Ria Lingad – How to make a champion!

Ria has generously shared the fascinating details of her preparation and coffee, below:
We did 3 roasts of the coffee in the Probatino, we only had 3 kilos of the green coffee! I got the green coffee on March 1st, did a small sample roast the next day then Scott roasted 800 grams the same week. We thought we’ve gone a tad dark so Scott did 2 more roasts on Monday 7/3 and Tuesday 8/3 as we thought the coffee needed 4 or 5 days to mature. It was tasting and testing from then on, everyday, so I can decide which one to use on the day. I ended up using the 7/3 batch, the coffee was just beautiful on Saturday!
Colubre is the highest point in Finca Nuguo at 1900 masl. There are 5 areas in Nuguo, divided according to altitude. The Geshas in Finca Nuguo are wild and do not come from any one specific sub-variety of Gesha which make each lot unique, complex and interesting! Stuart also said that the coffee was so delicate and there were many flavours but hard to pin point. I also thought the same, it was like the all those nice coffee nuances in one cup! I was very pleased when the people in the competitor room started slurping the coffee I just brewed, coffee brings together people in such a special way!
I brewed the coffee via immersion for 5 minutes then filtering afterwards. The immersion step is very important as I found that I got a good idea on when the coffee was at its peak when the coffee sinks (absorbing water and therefore extracting) and at the end of the immersion time almost all of the coffee had sunk to the bottom. This is different to under roasted coffee where you have heavy coffee so it sinks anyway! I also found that Colubre got sweeter the longer it’s immersed, but I only had 10 minutes to brew and serve so 5 minutes was the maximum time I could immerse it. On the day too I lowered my water temperature to 98C (around 96C when the water hits the coffee). I found that water off the boil is great when the coffee was younger (1-3 days off roast), but needed less heat as it aged, otherwise the fruit acids overpower the brew.
For the grinding process, with Colubre, the finer I go, the sweeter it gets so I just had to find where it is most balanced. I did not sift the coffee, I found that sifting out the fines take out the sweetness and the brew gets sour (also it was wasteful!). The coffee is pure goodness, so beautiful to cup that’s why I chose the method.
The wooden dripper I used is called Yasukiyo dripper made by wood artisans in Ishikawa, Japan. The inner ribs are spherical and it was the perfect dripper for the purpose of filtering the coffee with very fine bits (15% of the coffee below 300 microns). After 5 minutes immersion, I poured the coffee on the side of the dripper (V60 filter) to make use of all the surface of the paper and ensure the coffee goes around the filter first before dropping down. The fines could clog the filter and hinder good flow down below. I needed to arrest the brewing process within the 2 ½ minute filter down so the flavour and extraction would be as I wanted it.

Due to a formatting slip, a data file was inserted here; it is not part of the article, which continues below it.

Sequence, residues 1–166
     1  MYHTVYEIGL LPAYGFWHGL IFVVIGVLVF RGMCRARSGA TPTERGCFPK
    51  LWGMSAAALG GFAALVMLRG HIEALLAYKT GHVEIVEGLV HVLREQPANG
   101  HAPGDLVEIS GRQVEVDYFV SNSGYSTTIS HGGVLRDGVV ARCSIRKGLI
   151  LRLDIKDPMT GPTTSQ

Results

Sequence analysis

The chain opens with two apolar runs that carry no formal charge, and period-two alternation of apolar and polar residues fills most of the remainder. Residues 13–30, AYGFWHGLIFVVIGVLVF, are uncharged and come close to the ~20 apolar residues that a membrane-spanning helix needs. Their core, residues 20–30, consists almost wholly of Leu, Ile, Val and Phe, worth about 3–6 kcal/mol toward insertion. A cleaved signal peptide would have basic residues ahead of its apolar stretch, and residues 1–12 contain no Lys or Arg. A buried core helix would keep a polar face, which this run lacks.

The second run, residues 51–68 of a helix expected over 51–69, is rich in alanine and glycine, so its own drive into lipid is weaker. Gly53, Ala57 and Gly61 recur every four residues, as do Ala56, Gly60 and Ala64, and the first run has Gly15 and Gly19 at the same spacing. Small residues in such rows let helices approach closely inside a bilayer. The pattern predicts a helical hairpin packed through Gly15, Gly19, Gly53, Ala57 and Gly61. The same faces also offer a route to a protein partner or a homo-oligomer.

The cups and vessels I used for service were actually a collaboration with Tim Grocott or Taus Ceramic. We designed the cup for swirling and slurping coffee (the cup has a thin curved lip), nicely curved profile so it’s easy to hold and it’s small at 6 oz for specialty coffee. The mass of the cup is also lesser than traditional coffee cups so the brew doesn’t get too cold during service.
I think that’s it! Oh and so many people helped me!
Scott Pepler – roaster, coach and boss, amazing unparalleled support and push!
Kelsey Carr (QLD Brewer’s Cup Champ) – techniques and strategies in brewing
Tim Grocott (Taus Ceramic) – coffee service set
Casey Deane (Atomic) – provided my second coffee of choice (the Colubre was my third coffee!)
Jeremy of Socratic Coffee – my chief coffee science geek
Jose and Ailenne Gallardo – awesome producers of Colubre
Daniel Humphries, Danielle Canlas of Origin Coffee Network – for making sure I get the coffee in time and arranging the Skype session with Jose
Sylvester Dan Samonte of Origin Coffee Network – for being my sounding board in times of my brewing frustrations, for being an amazing connector and collaborator!
People at work in Cerebos – for the 100% support and to the many practice judges who became my guinea pigs!
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